A peer academic mentor discusses with a student how to balance academics with campus life.

Baldwin Center for Learning and Teaching

Baldwin Center for Learning and Teaching

Promoting intentional, inclusiveequitable, and effective learning and teaching environments across campus.

The programs housed in Hawthorne-Longfellow Library 112 offer services for students, faculty, and staff. In addition to serving as a location for tutoring, mentoring, and advising, we welcome you to work in our space during open hours. 

Solidarity Statement

The Baldwin Center for Learning and Teaching stands in solidarity with Black, Indigenous, and People of Color (BIPOC), Asian and Pacific Islanders (AAPI) and People of the Global Majority (PGM). As part of an educational institution, we acknowledge the historical and contemporary influences of personal and systemic racism on Bowdoin College students, faculty, staff, and alumni.

We are committed to promoting intentional, equitable, inclusive and effective learning and teaching environments. We value and practice (1) respect for all human beings, (2) being of service, and (3) the importance of development as an ongoing process that is possible for all learners and educators. We are grateful for the scholars, artists, scientists, and educators who positively impact our work to be anti-racist, equity-minded, and culturally affirming educators, supervisors, and administrators.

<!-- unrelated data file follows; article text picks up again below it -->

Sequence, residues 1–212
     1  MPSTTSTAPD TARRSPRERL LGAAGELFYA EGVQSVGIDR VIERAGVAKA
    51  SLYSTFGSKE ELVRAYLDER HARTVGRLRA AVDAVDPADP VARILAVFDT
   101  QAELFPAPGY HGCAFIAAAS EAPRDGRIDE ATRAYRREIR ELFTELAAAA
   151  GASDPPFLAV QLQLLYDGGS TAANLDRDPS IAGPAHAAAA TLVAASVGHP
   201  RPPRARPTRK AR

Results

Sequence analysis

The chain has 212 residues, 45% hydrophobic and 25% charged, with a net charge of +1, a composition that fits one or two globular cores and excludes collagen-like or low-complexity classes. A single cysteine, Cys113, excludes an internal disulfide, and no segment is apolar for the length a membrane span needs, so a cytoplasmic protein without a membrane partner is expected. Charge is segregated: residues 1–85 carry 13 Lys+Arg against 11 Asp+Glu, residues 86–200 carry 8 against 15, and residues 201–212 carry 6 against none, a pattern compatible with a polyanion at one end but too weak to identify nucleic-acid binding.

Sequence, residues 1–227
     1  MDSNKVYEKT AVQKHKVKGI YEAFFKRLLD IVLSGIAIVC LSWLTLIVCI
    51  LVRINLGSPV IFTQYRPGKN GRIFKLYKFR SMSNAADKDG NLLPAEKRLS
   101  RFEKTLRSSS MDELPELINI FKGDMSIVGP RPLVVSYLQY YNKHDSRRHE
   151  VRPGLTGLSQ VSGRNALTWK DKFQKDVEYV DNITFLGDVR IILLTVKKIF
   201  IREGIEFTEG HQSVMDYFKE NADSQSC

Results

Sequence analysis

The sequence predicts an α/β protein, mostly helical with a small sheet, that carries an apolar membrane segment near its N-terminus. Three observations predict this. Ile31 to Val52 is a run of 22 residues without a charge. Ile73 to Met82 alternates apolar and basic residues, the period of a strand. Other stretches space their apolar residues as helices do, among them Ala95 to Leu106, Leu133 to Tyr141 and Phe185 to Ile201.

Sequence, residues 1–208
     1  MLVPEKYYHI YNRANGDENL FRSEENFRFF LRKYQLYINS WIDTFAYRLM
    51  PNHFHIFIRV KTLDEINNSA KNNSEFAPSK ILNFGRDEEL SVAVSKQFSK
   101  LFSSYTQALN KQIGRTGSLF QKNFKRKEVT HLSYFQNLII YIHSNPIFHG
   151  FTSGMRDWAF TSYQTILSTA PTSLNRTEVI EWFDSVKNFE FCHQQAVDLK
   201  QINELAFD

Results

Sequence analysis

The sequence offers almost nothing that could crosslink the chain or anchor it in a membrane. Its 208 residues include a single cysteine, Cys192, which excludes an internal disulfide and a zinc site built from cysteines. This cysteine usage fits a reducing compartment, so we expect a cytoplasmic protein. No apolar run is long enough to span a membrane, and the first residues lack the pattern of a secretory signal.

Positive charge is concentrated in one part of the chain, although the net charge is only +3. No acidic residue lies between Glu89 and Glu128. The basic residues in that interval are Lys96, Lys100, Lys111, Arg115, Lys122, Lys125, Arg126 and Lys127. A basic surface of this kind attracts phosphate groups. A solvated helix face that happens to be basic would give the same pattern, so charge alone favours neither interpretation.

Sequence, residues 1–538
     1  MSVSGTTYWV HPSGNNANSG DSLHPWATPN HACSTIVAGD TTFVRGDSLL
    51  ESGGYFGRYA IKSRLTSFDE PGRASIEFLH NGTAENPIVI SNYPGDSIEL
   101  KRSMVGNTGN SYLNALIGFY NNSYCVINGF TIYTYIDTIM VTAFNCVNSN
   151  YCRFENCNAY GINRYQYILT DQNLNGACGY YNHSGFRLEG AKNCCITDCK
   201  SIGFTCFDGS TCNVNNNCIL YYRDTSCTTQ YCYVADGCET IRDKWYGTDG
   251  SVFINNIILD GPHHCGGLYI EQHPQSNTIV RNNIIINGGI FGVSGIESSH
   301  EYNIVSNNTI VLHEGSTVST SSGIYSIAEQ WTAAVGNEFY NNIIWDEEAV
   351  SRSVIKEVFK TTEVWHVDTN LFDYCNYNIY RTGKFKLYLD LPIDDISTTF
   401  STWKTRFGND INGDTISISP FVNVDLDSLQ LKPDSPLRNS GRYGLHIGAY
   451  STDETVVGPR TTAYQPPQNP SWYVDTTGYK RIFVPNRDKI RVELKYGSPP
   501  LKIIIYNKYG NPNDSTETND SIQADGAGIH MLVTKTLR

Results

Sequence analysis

We have work to do. As a center we commit to developing our capacities for self-awareness, interpersonal dialogue, and structural change. We commit to:

  • analyzing our diversity, inclusion and equity practices (including but not limited to our hiring and training practices (of students, staff, and faculty) to ensure access and equity in collaboration with students, faculty, staff, and alumni
  • educating ourselves and our student employees on power dynamics within our center (Writing Centers and the New Racism, Laura Greenfield; Facing the Center, Harry Denny; Whistling Vivaldi, Claude Steele)
  • integrating the work of scholars examining difference, power and equity in education in our student and faculty development programming (such as the Voice and Power Series featuring Vershawn Ashanti Young and Laura Greenfield, visits from Nell Irvin Painter, Chenjerai Kumanyika, Laura Rendon, Alicia Fedelina Chávez, Susan Diana Longerbeam, and others)
  • developing resources, programming, and courses to acknowledge structural differences that adversely affect BIPOC, AAPI and PGM and work to support student, staff, and faculty needs.